Trends in Pentecostalism
by Chris Green
G

OD IS AT WORK in our world in large and in small ways, and the Spirit’s art is deeper and wider than we dare to imagine. We cannot identify all of the important developments within Pentecostalism or fully understand those we do recognize. Nevertheless, we must make every effort to appreciate God’s creativity.

Hopefully, the few reflections offered here can further a critical conversation, moving us toward more careful, discerning reflection on what God is asking of and promising to us, here and now. Let’s pray that together we can catch the rhythm of the Spirit’s movements.

Trend 1: The Pentecostalization of Global Christianity

Pentecostalism, in various forms, is shaping Christianity around the world, especially in parts of Africa, Asia, and Latin America. According to several studies, Pentecostals and Charismatics together make up slightly more than 25 percent of all Christians worldwide and more than 8 percent of the world’s population.

The growth is as rapid as it is extensive. Allan Anderson says, “The Pentecostal and Charismatic movements in all their variations constitute the fastest-growing group of churches within Christianity today.”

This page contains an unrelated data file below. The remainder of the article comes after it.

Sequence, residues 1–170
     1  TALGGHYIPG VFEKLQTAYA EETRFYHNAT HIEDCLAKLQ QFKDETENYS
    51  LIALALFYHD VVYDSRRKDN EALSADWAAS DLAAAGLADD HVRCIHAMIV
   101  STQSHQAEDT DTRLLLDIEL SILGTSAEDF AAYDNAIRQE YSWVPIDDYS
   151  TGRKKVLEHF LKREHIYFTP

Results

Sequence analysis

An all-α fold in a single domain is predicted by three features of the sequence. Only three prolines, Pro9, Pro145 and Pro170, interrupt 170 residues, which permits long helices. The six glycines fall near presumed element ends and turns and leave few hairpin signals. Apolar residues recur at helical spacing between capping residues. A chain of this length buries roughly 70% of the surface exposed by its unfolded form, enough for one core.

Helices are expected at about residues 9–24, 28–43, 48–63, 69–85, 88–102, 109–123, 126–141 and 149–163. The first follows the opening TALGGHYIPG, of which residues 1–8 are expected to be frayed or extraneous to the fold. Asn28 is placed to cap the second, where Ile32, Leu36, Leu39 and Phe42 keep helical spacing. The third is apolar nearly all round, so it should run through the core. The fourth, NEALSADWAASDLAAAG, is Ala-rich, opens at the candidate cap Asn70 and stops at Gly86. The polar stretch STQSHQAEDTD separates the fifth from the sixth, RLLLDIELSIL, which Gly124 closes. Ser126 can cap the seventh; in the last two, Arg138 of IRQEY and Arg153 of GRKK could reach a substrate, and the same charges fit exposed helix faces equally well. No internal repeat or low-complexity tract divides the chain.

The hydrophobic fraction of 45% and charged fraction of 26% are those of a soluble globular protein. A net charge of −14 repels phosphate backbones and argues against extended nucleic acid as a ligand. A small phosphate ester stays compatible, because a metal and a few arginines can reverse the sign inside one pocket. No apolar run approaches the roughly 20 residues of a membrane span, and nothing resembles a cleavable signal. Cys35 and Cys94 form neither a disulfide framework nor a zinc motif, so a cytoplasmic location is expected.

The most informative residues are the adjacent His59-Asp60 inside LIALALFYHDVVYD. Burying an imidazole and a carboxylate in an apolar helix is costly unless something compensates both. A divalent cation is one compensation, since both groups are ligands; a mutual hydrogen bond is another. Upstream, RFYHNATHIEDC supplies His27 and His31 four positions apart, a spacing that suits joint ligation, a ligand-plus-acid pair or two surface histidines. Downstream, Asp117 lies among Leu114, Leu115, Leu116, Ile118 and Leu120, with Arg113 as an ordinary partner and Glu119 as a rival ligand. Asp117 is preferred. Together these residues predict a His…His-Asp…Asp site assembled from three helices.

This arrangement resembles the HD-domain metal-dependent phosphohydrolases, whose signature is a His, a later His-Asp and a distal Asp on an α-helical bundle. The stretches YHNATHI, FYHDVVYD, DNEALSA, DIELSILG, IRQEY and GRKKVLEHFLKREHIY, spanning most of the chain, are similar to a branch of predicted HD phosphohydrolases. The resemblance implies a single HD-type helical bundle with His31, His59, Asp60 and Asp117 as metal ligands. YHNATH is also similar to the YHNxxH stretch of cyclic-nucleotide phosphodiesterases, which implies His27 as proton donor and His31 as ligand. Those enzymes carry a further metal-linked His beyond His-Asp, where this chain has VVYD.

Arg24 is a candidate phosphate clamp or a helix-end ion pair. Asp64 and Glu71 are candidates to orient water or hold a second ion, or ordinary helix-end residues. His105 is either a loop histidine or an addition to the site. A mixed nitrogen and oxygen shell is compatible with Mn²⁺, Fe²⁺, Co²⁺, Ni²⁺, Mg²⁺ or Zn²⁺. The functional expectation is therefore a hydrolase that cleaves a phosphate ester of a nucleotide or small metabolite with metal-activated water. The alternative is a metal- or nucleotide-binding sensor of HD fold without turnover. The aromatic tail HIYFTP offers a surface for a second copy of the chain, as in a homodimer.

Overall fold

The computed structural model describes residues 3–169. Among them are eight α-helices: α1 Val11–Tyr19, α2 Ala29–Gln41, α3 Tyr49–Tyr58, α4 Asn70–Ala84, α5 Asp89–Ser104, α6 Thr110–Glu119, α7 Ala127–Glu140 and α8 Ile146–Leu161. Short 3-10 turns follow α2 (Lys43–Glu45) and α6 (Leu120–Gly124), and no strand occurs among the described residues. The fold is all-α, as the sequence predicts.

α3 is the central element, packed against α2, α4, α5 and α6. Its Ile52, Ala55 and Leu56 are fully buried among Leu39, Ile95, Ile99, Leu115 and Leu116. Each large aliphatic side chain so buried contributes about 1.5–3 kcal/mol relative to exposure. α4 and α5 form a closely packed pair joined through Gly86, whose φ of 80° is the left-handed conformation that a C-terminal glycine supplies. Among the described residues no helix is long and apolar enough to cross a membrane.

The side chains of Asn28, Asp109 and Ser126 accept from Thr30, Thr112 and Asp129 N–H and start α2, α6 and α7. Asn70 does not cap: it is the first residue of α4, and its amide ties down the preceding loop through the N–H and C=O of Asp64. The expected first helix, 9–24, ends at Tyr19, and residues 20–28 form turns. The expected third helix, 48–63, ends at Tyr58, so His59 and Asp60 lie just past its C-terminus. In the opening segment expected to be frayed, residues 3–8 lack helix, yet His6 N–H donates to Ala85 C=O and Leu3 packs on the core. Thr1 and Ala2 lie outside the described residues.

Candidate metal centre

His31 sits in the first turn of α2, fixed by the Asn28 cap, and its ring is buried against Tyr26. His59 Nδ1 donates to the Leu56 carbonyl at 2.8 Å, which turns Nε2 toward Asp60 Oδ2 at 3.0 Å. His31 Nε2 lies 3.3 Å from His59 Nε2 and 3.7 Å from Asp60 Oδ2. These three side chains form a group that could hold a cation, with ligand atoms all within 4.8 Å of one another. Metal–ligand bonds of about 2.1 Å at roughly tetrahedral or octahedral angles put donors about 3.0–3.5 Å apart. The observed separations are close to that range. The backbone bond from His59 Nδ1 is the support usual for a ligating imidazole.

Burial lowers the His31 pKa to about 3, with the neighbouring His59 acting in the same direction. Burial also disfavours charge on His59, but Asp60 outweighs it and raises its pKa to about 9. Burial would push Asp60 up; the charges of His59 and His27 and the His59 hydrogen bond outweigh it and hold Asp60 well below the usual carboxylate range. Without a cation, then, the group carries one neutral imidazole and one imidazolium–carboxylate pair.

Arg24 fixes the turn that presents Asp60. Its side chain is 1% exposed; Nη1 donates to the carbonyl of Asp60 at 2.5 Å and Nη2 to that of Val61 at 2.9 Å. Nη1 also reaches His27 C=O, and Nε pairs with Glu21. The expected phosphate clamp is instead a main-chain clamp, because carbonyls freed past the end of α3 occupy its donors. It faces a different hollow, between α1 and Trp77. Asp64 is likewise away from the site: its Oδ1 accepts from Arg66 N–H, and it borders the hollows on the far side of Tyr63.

We delight in God’s work and rejoice at the spread of the “full gospel.” But we must reflect carefully on what kinds of Pentecostal spiritualties are spreading around the world. Are all these forms of Pentecostalism faithful to the gospel? One hears frequent concerns that much of African Pentecostalism, for example, is dominated by various forms of a “prosperity gospel” that focuses almost exclusively on empowering individuals to appropriate divine blessings through religious “techniques.” If this is true, does it not concern us? To put the question broadly: What, if anything, is our responsibility to our Pentecostal sisters and brothers around the globe?

Trend 2: Demographic Shift to the Global South

For years, researchers have been pointing out that the “center” of Christianity is shifting from the global north (Europe and North America) to the global south (Africa, Asia, and Latin America). Todd M. Johnson, a research fellow with the Center for Study of Global Christianity, explains:

While 66 percent of all Christians lived in Europe in 1910, by 2010 only 26 percent lived there. By contrast, fewer than 2 percent of all Christians lived in Africa in 1910, skyrocketing to almost 22 percent by 2010. The Global North contained over 80 percent of all Christians in 1910, falling to under 40 percent by 2010.